Recently, the Canadian government announced that it will be cutting the budget of the Canadian International Development Agency. In this opinion piece, Timothy Wild argues that the cuts are indicative of a wider re-orientation in Canada’s priorities, which will have a detrimental impact on its support for democracy in Africa.The Zimbabwean historian Terrance Ranger once suggested that we don’t need to provide ‘voices for the voiceless’; marginalised people, he argued, are often quite vociferous. Rather, we must provide ‘ears for the earless’. How true! Following from this, I would suggest that authentic exercises in democratization both amplify voices and hone hearing. Sadly, Canada’s current foreign policy and international development imperatives do not seem to do either.
A few months ago, the Government of Canada announced that it will be substantially cutting funding to the Canadian International Development Agency (CIDA). Undoubtedly, this decision will have an impact on democracy in Africa – particularly in Zimbabwe, where CIDA funding helped support the important work of civil society groups promoting free and fair elections. Without this funding, the Zimbabwe Election Support Network, for example, will be more limited in its ability to do this much-needed work. By slashing this particular stream of funding, we are failing to help the democratic privileges we enjoy in Canada develop elsewhere. Short-sightedly (and unnecessarily), we are limiting the chance that democratic process becomes a substantive reality in Zimbabwe.
That is not to suggest that Canada has been heavily involved in the expansion and maintenance of democracy in Africa. Our involvement has certainly not been as significant as it should have been. Yet, there used to be at least some public and political recognition in Canada that a wealthy liberal democratic country could be (whilst minimizing any patronizing or directive behaviour) of some assistance in supporting democratic practices, principles and aspirations in Africa. The cuts to CIDA, however, seem to be reflective of the Government of Canada’s growing and troubling tendency to base their decisions (both domestically and internationally) on ideologically-grounded economic considerations alone.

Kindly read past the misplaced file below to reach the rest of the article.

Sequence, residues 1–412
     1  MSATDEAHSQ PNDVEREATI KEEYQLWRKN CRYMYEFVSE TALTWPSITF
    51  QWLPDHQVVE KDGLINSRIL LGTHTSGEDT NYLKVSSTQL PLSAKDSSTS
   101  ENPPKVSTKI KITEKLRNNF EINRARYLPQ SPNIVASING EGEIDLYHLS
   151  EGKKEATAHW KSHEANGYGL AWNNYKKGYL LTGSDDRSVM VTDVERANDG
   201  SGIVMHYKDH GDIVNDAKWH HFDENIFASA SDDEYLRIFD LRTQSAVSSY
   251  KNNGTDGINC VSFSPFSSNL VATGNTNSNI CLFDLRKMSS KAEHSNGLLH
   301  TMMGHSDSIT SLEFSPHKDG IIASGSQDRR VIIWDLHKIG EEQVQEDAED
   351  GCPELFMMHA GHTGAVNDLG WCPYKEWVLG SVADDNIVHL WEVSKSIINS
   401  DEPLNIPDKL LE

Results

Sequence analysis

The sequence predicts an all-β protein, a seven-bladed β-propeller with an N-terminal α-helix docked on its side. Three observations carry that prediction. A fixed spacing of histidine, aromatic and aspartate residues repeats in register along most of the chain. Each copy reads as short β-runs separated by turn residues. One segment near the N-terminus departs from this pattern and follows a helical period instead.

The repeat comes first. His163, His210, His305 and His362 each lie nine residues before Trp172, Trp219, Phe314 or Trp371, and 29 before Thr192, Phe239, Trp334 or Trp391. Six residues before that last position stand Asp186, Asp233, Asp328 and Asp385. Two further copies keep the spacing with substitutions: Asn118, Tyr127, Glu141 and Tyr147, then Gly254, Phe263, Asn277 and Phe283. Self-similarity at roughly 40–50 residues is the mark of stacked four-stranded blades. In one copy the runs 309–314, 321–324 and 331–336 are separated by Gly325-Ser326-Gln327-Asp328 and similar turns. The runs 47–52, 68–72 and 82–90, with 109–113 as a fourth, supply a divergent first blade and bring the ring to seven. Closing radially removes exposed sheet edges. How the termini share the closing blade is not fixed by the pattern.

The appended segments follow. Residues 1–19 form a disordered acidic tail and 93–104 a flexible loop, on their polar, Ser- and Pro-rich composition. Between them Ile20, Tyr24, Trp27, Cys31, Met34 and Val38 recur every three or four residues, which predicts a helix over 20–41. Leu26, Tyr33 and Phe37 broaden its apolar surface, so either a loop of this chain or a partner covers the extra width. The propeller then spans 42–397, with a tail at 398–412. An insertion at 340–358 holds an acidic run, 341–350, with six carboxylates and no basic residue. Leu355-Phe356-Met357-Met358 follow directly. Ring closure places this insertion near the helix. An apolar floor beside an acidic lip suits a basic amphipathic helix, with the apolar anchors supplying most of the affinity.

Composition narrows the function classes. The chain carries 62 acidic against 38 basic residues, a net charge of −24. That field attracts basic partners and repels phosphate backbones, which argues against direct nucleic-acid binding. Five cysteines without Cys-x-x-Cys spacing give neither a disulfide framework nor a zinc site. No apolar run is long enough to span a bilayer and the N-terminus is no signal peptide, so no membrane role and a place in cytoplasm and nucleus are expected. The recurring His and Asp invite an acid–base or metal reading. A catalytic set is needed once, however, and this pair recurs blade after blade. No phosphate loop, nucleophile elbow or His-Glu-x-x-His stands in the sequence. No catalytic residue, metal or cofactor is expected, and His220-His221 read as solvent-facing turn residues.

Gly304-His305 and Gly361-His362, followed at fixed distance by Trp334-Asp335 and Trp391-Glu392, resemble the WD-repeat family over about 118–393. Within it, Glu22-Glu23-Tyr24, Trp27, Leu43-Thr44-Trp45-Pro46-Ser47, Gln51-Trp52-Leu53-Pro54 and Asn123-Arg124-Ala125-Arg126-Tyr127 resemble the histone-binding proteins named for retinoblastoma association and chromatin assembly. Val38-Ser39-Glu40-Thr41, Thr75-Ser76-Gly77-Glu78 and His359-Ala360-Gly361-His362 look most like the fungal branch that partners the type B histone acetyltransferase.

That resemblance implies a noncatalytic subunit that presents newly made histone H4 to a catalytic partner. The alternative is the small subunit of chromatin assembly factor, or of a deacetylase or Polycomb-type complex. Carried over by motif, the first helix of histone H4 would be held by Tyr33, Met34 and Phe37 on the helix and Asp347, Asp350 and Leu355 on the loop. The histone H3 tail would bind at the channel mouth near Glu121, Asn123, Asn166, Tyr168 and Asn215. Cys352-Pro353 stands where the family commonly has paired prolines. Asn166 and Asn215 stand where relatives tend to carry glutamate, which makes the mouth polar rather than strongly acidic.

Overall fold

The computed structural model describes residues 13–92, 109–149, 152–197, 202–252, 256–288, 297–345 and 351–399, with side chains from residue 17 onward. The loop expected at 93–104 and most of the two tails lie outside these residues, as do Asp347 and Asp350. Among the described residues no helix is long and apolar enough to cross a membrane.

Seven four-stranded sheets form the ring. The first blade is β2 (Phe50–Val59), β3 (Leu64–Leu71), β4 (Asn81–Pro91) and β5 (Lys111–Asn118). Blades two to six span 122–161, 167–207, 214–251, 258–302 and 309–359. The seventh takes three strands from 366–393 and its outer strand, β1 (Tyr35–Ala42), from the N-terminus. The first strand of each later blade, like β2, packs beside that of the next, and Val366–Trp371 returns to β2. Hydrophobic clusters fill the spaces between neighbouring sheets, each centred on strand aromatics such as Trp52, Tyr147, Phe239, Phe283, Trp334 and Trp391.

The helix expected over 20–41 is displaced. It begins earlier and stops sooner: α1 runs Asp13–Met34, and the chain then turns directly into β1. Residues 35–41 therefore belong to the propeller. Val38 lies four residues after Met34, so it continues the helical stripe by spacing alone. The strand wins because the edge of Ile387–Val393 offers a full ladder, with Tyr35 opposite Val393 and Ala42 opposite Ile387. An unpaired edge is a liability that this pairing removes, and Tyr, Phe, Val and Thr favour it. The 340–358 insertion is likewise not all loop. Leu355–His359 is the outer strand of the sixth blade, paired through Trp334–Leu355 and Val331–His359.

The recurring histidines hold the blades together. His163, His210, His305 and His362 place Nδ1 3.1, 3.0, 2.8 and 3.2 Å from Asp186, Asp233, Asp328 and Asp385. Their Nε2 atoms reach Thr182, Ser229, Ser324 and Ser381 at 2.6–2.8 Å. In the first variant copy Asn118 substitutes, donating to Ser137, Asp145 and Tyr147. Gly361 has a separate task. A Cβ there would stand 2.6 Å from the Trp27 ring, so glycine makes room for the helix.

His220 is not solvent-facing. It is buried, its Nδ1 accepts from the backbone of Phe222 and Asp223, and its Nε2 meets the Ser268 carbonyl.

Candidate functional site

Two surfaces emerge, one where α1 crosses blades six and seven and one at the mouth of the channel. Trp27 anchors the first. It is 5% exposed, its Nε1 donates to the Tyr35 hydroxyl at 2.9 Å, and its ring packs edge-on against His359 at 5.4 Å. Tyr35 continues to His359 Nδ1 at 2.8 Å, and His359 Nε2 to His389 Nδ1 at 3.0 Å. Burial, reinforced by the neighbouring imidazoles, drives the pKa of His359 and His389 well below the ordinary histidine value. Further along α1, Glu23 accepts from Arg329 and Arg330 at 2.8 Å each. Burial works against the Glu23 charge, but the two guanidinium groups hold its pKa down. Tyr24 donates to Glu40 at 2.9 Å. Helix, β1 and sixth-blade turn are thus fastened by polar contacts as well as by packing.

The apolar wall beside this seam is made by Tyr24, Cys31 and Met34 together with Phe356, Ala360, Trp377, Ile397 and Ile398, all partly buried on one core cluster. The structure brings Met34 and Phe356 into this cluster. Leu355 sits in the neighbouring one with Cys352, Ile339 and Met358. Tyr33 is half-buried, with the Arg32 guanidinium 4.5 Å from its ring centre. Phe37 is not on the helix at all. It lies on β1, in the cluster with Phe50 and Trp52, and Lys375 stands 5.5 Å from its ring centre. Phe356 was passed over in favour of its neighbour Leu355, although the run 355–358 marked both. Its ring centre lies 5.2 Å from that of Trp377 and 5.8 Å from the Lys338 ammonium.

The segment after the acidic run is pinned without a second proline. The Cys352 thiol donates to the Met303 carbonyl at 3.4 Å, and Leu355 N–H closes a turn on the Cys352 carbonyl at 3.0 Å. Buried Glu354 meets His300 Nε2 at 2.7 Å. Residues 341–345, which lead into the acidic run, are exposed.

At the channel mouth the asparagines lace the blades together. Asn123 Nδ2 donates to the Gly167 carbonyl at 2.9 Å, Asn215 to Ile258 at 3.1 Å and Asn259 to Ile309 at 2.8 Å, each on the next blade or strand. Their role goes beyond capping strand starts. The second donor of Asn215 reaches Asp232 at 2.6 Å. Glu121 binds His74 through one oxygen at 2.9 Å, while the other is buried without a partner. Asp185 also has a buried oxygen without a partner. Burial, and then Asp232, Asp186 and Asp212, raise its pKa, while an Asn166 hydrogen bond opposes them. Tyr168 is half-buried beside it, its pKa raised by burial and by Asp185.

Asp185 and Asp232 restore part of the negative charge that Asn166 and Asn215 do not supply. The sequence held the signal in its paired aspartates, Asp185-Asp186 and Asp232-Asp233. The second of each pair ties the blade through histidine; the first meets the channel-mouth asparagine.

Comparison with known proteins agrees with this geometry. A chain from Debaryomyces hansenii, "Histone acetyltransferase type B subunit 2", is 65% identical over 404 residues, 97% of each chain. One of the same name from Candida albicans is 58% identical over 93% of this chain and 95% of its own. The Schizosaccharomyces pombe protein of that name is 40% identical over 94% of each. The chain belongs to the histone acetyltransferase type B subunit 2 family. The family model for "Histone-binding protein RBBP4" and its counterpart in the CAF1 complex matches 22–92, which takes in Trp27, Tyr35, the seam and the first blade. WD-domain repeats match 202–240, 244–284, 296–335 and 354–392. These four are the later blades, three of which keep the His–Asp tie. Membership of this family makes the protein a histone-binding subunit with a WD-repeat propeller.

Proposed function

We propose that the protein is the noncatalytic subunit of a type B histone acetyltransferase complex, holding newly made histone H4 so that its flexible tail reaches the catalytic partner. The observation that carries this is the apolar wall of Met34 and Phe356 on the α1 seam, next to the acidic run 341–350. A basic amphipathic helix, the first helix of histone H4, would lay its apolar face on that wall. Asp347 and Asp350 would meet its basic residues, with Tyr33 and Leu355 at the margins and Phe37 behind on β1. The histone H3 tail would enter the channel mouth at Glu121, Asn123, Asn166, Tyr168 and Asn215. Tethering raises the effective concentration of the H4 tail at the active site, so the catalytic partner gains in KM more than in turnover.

Admittedly, the crisp call of economics has always played an important role in shaping our priorities, but a concern for humanitarianism and justice formerly had some impact on our international political agenda. Conservative Prime Minister Brian Mulroney, for example, voiced more opposition to apartheid in South Africa than either Prime Minister Margaret Thatcher or President Ronald Reagan.
Now, as with many other countries, it seems that trade is the principle consideration underlying our foreign policies – just look at our public cozying up to China despite its dismal human rights and environmental record. Within such a trade-obsessed paradigm, our support of authentic and sustainable democratization will falter. And, money and trade aside, people on the ground will pay the price when we determine our foreign policy decisions largely in terms of economic self-interest.
In recent years, the Conservative government of Stephen Harper has cut to virtually zero foreign aid to Benin, Niger, Rwanda, Zambia and Zimbabwe. At the same time, Mozambique and Tanzania —which are home to significant Canadian mining and energy interests — have been identified as so-called CIDA “countries of focus,” which means they were among a list of 20 nations continuing to receive Canadian assistance.
The current sentiment seems to be that in those countries where we have limited economic ties or self-interest, the people do not merit Canadian assistance of any kind. Quite a depressing thought actually. Canada is a country prosperous in so many ways – it is incumbent upon us to spread some of that wealth more widely – both domestically and internationally; justice, integrity and democracy demand it. But to do this we need to help direct the ears of the political leadership in Canada to voices on the margins.